Storing large articles of furniture can pose all sorts of challenges, including the not-so-simple question of how to make the most sensible use of your storage space. Here are four actions you can take to reduce your storage "footprint" for more efficient use of the space provided by your furniture storage facility.
1. Think Vertically
The smallest available storage unit in a typical storage facility typically measures only 5 feet by 5 feet. That may sound too tiny to be any practical use if you're moving a small apartment's worth of stuff, but don't turn your nose up at it just yet. The ceiling height of such a unit can easily extend to 10 feet, so make sure you ask for this dimension when you're comparing prices on storage units. Sufficient vertical space can turn a closet-sized area into an amazingly capable chunk of real estate. If you intend to fill this kind of space efficiently and safely, you'll want to stack heavier items toward the bottom and lighter items toward the top. Leave enough room for a stepladder or other helpful device so you can start unloading from the top of the pile without risk of injury.
2. Box It Up
Tempting as it may be throw assorted items into a storage space however they'll go, you're most likely wasting tremendous amounts of valuable furniture storage space in the process. Random placement of oddly-shaped items can make it all but impossible for you to pack your various items efficiently, leaving precious little little space for armchairs, sofas, or other furniture. You'll find your solution to this annoying problem in the humble banker box. These boxes tend to come in a limited number of uniform sizes. Buy several of the same one or two sizes, and you can easily measure out how much much total space these boxes will require in your storage unit. You can then pack them back-to-back from wall to wall, making maximum use of your storage unit. You may even decide to rest several of these boxes on top of large, flat furniture surfaces such as tables and sofa seats.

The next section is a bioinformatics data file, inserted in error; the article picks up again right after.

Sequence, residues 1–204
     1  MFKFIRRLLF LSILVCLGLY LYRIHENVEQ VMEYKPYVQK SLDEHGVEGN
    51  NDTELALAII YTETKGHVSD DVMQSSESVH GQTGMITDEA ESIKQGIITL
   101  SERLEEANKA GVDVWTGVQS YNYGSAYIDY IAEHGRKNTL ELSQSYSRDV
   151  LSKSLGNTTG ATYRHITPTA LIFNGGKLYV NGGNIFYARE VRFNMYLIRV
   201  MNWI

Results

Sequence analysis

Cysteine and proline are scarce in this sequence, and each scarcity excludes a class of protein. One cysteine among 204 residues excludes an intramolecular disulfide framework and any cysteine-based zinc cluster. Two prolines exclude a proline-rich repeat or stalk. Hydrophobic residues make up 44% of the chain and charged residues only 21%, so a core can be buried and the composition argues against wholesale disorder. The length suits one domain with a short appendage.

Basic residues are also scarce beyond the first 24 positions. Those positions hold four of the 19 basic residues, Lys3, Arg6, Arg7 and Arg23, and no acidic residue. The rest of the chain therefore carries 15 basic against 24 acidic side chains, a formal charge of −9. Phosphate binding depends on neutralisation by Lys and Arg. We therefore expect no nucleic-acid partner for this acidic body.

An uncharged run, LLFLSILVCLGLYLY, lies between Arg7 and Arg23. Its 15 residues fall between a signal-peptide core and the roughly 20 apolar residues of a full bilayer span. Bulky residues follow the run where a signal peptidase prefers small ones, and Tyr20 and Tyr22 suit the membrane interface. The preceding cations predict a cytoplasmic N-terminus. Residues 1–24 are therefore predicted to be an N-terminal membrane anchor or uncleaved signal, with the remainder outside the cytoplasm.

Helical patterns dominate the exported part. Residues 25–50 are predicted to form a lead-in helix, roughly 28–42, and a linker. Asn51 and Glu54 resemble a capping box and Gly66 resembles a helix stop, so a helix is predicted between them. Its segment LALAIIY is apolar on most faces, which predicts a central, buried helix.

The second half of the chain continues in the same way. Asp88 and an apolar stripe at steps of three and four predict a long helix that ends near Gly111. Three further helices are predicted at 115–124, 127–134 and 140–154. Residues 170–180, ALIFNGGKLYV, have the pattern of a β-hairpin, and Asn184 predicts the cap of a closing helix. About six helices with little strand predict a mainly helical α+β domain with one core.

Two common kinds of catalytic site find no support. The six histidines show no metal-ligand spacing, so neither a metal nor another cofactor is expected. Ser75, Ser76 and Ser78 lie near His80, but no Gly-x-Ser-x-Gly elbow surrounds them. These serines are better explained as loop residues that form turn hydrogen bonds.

3. Return to the Fold
If you're making a major move without the aid of a professional moving company, think long and hard about which items absolutely must come along and which can be sold or donated. Even if you sell or donate such essentials as your beloved armchair, however, don't assume that you have to sit on the floor during the first days of residence in your new home. If you can swap out bulky pieces of furniture for lightweight, folding equivalents, you can ensure a reasonable degree of comfort in your new digs until you have time to invest in more permanent replacements. The folding items will not only prove easier to transport; they should also prove much easier to stack and store in your furniture storage facility, giving you that much more room for other things.
4. Mind Your Calendar
Once you've transferred your goods to a storage facility, pay close attention to the payment schedule — and adjust your move or other transition to make the most cost-effective use of that schedule. For instance, storage places typically bill in monthly increments, with the billing date based on the date you first moved your possessions into the unit. This means that if your move-out date is even one day past the normal monthly bill date, you may be liable to pay for an entire additional month of storage. Do what you can get to get those articles out of the unit before the next due date. Don't forget to contact the storage facility to let the staff know you're done with the unit so you're not accidentally billed for a month you don't need.
Storing furniture may not be anyone's idea of a good time, but with some intelligent planning and a bit of luck, you can make the process more efficient and less costly. Give these four tips a try — you'll be glad you did!